The New York State Department of Environmental Conservation is asking residents to be on the lookout for infestations of Asian longhorned beetles, a 1.5-inch-long, black-and-white invasive insect that has reached central Long Island.
With antennae that can be twice as long as their bodies, these beetles are known to feed on hardwoods. They prey on a variety of trees, including ash, birch, elm, horse chestnut/buckeye, golden raintree, London plantree/sycamore, katsura, mimosa, maple, mountain ash, poplar, and willow, as listed by the state’s Animal and Plant Health Inspection Service. According to the D.E.C., once the bugs infect a tree, the tree will die in approximately seven to nine years.
The state DEC is encouraging those who own pools to check their pool filters and skimmers for the beetles. "Swimming pool monitoring is a simple, economical approach to surveying for these pests, and gives New Yorkers the chance to take an active role in protecting their communities," Basil Seggos, the D.E.C. commissioner, said in a statement.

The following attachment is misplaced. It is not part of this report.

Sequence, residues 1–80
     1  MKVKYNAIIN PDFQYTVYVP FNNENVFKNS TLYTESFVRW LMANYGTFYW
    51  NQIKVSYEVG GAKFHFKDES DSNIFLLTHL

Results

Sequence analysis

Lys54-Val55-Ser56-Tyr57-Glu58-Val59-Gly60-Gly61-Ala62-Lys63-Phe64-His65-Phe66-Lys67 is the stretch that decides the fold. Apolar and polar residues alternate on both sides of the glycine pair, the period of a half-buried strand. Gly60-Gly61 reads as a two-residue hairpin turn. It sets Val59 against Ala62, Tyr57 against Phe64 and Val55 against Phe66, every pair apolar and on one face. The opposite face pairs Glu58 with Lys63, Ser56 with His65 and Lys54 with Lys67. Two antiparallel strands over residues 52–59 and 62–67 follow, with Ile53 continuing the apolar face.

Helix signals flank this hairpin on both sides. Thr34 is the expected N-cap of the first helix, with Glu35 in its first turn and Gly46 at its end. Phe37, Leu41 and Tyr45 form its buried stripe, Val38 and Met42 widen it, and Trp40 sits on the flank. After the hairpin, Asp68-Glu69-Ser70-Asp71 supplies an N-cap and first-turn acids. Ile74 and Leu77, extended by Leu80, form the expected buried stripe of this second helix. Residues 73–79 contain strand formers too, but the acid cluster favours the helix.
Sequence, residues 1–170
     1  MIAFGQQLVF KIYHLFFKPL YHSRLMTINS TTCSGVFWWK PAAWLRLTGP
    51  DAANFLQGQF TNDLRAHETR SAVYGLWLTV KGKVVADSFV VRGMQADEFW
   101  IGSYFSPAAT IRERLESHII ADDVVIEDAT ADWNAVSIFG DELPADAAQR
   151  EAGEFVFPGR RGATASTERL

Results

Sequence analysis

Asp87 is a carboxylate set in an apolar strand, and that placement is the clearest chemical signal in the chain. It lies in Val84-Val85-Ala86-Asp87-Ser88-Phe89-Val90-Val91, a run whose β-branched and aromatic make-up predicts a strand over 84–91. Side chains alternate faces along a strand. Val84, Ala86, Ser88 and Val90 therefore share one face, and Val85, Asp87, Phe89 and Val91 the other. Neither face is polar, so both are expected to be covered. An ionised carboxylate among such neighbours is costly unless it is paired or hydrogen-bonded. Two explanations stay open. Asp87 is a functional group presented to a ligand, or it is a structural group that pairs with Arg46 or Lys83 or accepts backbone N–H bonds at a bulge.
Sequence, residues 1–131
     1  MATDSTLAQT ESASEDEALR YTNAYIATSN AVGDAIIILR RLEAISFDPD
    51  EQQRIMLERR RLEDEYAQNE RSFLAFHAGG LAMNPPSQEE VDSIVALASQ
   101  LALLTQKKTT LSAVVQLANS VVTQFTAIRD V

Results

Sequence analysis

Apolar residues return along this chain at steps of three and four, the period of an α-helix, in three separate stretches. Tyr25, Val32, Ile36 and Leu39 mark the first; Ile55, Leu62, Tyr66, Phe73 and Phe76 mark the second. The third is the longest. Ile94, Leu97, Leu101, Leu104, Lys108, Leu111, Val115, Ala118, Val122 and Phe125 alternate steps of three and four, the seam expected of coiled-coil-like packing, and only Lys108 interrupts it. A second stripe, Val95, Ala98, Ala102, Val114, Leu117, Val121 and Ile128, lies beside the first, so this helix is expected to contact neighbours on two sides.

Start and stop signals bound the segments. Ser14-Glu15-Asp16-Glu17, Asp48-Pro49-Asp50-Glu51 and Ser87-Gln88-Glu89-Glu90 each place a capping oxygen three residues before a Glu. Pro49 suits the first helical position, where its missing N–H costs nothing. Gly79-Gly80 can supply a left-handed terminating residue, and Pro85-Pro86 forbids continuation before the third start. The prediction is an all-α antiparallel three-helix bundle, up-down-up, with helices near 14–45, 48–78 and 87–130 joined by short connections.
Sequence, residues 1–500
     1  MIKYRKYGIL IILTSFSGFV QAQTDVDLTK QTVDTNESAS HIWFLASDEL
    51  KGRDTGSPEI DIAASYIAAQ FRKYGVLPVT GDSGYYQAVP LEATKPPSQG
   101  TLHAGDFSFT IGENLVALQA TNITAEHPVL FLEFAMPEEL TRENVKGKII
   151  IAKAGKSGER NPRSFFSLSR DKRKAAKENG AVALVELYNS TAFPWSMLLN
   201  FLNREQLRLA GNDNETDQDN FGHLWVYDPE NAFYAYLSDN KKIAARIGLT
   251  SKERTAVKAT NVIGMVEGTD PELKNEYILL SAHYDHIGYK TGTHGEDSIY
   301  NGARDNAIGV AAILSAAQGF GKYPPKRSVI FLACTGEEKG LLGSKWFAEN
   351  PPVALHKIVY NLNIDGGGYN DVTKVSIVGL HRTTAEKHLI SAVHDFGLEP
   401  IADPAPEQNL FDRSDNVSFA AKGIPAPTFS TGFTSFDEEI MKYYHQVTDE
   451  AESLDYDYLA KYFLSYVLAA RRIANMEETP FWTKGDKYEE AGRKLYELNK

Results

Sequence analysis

Since the beetle’s main target is maple trees, the infestations could have disastrous impacts on the maple syrup industry. Maple wood is often used for furniture as well, and when the larvae hatch in the tree, it renders the wood useless. Once a tree is compromised, any hard wind, rain, or snow can cause it to fall, and removing trees from parks, towns, and residential properties can be incredibly expensive.
Those who own pools are encouraged to check their pool filters and skimmers for the beetles and take photos. Reports can be made by email to [email protected] or the Asian long-horned beetle tip line at 866-702-9938.